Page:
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beanbag

Filter for shrimp tank

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beanbag

I know about the different types of filters, but wanted to ask more generally:

1)Mechanical filtration: You know that tan-brown gunk that usually gets trapped in the filter?  Do you try to filter the water as much as possible, or rather let chunks of this get recirculated?  I once saw a successful CRS tank with no mechanical filtration, the water had all kinds of debris and stuff floating in it, and the shrimp seemed very happy and picking at everything.

2) Biomedia: do u prefer sponge or any of the hard ceramic / rock / sintered glass things?  Secondly, do you purposely try to go overboard with the biomedia (which is what I hear some Asian Bee shrimp breeders do) or just use as little as necessary?  In my tank setup, the biomedia is actually after the filter outlet, where the stream of water sprays on a small pile of Biomax and lava rocks.  It seems the shrimp like to gather there occasionally and pick at the rock.  Plus I assume the rest of the surface area of the tank is also doing some nitrification.  I have never seen ammonia nor nitrite after the initial cycle, but have been wondering if I should add some more biomedia "on purpose".

3) Do you run any kind of setup that is for de-nitrification, or do you just count on plants to do it?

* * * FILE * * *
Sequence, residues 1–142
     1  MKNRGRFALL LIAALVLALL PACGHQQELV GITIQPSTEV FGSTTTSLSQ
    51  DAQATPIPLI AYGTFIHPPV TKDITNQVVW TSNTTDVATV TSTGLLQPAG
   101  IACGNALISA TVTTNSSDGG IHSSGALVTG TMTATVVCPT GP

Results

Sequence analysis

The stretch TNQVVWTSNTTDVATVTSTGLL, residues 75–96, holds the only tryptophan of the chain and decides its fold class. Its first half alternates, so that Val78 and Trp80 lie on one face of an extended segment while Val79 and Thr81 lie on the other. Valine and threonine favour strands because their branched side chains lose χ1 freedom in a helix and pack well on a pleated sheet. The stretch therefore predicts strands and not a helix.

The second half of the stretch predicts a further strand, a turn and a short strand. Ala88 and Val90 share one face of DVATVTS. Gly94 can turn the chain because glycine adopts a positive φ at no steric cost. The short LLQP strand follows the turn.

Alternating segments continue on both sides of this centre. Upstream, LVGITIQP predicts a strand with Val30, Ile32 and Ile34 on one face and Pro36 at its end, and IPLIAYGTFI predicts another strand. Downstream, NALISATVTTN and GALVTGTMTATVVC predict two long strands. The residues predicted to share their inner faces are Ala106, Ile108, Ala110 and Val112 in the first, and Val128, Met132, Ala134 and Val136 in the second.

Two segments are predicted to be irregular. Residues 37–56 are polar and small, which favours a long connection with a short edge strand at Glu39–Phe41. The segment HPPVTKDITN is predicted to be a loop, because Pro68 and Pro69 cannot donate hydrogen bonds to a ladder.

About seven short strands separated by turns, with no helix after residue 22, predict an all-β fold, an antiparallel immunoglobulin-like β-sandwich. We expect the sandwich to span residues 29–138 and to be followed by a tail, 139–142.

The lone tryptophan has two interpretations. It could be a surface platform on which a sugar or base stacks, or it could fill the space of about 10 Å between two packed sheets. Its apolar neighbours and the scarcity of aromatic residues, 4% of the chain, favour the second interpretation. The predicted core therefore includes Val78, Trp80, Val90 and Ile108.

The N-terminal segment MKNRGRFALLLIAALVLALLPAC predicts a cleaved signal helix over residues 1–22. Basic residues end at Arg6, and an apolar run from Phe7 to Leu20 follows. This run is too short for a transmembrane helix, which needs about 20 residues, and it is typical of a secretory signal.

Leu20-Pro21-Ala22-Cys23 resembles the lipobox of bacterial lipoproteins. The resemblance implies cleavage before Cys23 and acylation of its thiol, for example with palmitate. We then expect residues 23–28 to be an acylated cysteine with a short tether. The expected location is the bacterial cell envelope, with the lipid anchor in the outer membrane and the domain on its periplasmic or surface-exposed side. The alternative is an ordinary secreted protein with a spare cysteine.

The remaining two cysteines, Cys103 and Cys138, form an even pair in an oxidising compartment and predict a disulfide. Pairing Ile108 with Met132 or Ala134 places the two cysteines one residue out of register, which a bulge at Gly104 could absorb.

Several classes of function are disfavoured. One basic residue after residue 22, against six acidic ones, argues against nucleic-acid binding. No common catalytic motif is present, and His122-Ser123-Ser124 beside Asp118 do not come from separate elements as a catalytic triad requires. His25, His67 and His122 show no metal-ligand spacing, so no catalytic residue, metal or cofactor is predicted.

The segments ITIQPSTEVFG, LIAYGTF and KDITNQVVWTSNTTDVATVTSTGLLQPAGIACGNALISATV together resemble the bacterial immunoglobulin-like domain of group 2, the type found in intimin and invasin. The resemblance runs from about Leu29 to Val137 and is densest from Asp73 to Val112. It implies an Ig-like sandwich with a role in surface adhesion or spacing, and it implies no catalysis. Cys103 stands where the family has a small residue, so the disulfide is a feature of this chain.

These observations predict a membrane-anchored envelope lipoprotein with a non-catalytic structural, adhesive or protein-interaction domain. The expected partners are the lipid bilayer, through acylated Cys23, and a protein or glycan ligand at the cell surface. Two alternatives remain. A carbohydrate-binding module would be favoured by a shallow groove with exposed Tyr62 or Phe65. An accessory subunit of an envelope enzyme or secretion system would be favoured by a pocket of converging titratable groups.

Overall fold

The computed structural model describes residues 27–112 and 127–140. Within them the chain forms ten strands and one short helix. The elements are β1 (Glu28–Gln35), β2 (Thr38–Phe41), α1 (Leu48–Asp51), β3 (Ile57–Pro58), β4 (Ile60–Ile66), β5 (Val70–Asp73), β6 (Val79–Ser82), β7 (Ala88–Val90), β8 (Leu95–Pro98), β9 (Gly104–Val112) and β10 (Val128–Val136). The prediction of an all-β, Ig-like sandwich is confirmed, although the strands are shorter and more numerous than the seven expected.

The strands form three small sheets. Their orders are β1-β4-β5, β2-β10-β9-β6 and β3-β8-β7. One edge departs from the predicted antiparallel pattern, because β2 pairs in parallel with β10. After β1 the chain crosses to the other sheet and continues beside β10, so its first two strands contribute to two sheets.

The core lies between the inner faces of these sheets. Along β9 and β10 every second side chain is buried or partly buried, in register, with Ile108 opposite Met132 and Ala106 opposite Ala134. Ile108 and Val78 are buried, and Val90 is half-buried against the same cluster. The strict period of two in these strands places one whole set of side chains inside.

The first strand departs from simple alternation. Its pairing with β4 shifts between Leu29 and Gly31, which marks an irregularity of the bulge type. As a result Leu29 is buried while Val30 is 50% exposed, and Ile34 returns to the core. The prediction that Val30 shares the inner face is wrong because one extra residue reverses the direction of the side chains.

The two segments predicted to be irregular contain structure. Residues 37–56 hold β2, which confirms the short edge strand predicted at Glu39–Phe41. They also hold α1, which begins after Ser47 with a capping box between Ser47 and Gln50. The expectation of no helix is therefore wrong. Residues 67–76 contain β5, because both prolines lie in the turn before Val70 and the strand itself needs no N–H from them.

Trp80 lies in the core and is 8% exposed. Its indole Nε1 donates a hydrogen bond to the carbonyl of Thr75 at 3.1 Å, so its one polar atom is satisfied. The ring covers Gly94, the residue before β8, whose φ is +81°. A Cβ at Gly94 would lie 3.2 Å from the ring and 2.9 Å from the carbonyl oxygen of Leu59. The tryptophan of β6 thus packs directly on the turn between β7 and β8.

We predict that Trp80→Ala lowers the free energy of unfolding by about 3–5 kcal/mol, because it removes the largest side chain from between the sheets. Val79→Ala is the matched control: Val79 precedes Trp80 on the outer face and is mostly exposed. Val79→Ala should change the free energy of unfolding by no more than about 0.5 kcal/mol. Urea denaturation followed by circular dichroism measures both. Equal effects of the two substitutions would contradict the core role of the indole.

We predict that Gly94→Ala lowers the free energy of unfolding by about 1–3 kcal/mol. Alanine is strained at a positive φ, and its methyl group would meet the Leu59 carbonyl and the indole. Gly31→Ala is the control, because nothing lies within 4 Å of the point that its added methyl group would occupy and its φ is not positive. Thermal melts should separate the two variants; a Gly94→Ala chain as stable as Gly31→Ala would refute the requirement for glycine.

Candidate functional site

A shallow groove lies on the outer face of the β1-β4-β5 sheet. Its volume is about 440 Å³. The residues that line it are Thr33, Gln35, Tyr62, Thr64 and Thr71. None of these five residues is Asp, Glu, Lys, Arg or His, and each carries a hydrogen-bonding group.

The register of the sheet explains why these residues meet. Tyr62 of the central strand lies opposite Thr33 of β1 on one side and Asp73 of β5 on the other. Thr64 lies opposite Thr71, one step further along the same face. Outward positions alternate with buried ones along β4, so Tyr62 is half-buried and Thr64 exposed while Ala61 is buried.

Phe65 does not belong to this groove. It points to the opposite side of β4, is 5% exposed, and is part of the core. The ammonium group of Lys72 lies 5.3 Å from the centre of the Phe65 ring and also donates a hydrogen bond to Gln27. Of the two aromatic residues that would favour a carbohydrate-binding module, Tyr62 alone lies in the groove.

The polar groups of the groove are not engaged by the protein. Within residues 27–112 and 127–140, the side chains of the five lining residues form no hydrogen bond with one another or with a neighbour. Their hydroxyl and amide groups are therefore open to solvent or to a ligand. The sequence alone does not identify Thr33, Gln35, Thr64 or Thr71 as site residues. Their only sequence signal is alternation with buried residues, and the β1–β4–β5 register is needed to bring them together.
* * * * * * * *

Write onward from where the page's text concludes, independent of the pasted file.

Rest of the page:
4) Do you use any chemical media like Purigen?

Basically, I am trying to decide between "low tech natural" and "super clean".

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sdlTBfanUK

Most of your technical questions are a bit over my head, but this is what I use on all the tanks:

https://www.pro-shrimp.co.uk/internal-filters/1826-superfish-aqua-flow-50-8715897041747.html

I use 2 in each tank and some come with cartridges of carbon, those I remove the carbon and just cut a bit of bigger sponge to fill the whole space. It is super easy, no carbon or ceramic etc, just the sponge, nothing else. There is a cap on the bottom which I permanently remove so there is more area exposed to the water and then to clean all I do is turn the whole thing about 120 degrees, pull out the sponge through the open bottom, squeeze it in removed tank water, put the sponge back in through the bottom and twist back into place. There is no taking anything apart as the bottom cover has been left off and the whole maintenance takes about 60 seconds if not less????

Having the 2 per tank (30L) makes it easy when you get a new tank as well as you can remove the dirty sponge from one and replace it with the other ones new sponge etc and you have immediate BB in both tanks, and any way they are so cheap why not have 2?  It is ALL super cheap, super easy and super basic. I very rarely change the sponges either but again as there are 2 it won't upset anything if you change one sponge or if one of the filters breaks. Incidently I have had some 5+ years and not 1 has failed yet.

This is what I  have done/used for years, sorry I can't be of more help on the specific technical questions you pose but as you see we really are talking a basic system of muck sucked into sponge and that is it, and the spray bars aerate the tank when the water comes out the other end.

Simon

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